Qatar Airways’ push to add more weekly flights into Sydney, Melbourne, Perth, and Brisbane has caused a political crisis for the Albanese government, which has struggled to explain why the bid was blocked.
Authorities in Australia have denied a request to release Qantas emails concerning Qatar Airways’ proposal to double weekly flights into Australia, saying disclosing such information could lead to “embarrassment, ridicule, or public criticism.”
The Australian Department of Transport, led by Minister Catherine King, also claimed the release of the emails could negatively affect diplomatic ties, including those with Qatar, reported The Australian Financial Review.
On 5 September last year, Qantas corresponded with Minister King’s department offering remarks on Australia’s “forward negotiating programme” for bilateral air services agreements. Another email was sent on 22 October about “Australia-Qatar air services arrangements.”
The emails have been withheld from public scrutiny, along with a briefing dated 4 January 2023 and another email from Qantas sent on 7 July 2023 concerning air service agreements with Vietnam and Turkey.
Assistant Secretary Jim Wolfe, responsible for the International Aviation Branch, blocked the freedom of information request to release the emails and briefings.
Wolfe stated that disclosing the emails would not only pose a “breach of confidence,” but could also “involve financial loss, embarrassment, exposure to ridicule or public criticism to the affected third party,” while potentially damaging Australia’s international relations.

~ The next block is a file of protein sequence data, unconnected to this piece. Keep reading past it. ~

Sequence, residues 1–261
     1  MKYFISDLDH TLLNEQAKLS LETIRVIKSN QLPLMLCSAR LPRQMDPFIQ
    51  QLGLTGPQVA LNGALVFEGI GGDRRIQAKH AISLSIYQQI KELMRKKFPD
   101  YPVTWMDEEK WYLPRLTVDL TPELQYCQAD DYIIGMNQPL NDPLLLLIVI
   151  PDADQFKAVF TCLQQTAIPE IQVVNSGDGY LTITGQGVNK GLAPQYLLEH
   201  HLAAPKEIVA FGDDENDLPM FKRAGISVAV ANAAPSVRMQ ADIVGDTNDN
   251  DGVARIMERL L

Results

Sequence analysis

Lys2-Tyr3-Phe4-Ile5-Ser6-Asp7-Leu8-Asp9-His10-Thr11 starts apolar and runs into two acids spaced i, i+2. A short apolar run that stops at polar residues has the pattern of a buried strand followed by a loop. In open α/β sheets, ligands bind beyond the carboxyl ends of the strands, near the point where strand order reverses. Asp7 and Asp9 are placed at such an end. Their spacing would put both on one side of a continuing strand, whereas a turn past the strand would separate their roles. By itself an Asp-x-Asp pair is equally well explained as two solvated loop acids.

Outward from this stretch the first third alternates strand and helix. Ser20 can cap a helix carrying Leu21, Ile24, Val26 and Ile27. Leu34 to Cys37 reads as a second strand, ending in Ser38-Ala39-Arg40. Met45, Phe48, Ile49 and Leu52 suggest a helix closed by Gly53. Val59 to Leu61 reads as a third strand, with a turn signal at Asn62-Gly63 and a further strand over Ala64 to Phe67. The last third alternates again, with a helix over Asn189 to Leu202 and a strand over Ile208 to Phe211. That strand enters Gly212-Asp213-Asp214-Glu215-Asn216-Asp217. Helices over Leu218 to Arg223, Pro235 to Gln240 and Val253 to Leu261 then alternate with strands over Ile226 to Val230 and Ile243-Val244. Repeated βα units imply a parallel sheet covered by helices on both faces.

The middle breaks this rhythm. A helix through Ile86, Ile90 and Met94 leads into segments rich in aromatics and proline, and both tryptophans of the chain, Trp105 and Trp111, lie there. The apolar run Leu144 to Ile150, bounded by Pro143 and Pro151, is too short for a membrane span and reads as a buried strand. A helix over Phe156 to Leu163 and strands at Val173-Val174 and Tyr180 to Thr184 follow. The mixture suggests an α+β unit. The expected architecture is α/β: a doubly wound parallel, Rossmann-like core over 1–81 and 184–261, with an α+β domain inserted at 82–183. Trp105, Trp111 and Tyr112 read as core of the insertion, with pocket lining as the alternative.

Wolfe added that public disclosure could “prejudice or undermine the department’s relations with other countries” and impede the flow of confidential information between nations, causing a breakdown in trust.
The government’s decision to withhold information echoes Minister King’s earlier refusal to comply with a Senate order requesting documents related to the issue.
In a recent development, Perth Airport disclosed during a Senate inquiry that it only learned of Qatar Airways’ application to introduce seven additional weekly flights into Western Australia—a request declined in July—just a day before the announcement.
This week, the Senate inquiry is set to hear from a representative of Qatar Airways.
Invitations have been extended to former Qantas CEO Alan Joyce, current CEO Vanessa Hudson, and Chairman Richard Goyder, although sources indicate that Joyce is unlikely to attend.
The issue has turned into a political quagmire for the Albanese government, which is struggling to clarify why Qatar Airways’ bid to operate more weekly flights into Sydney, Melbourne, Perth, and Brisbane was rejected.
The government is being accused of attempting to protect Qantas from competition on lucrative European routes.
Meanwhile, the Coalition has pressed Prime Minister Anthony Albanese for details on whether his office directed or advised King’s department on handling the situation. King has declined to reveal which ministerial colleagues were consulted.
The hastily-established Senate inquiry, supported by the Senate crossbench, also heard last week from Sydney Airport CEO Geoff Culbert.
He criticised airlines operating from the United Arab Emirates for utilising only 84 of the 168 permitted weekly flights into major Australian airports. In contrast, Qatar currently has access to only 28 flights per week, all of which are fully utilised.
The Labor party has repeatedly attempted to discredit the Senate inquiry, describing it as disorganised and blaming the Coalition for issues discussed.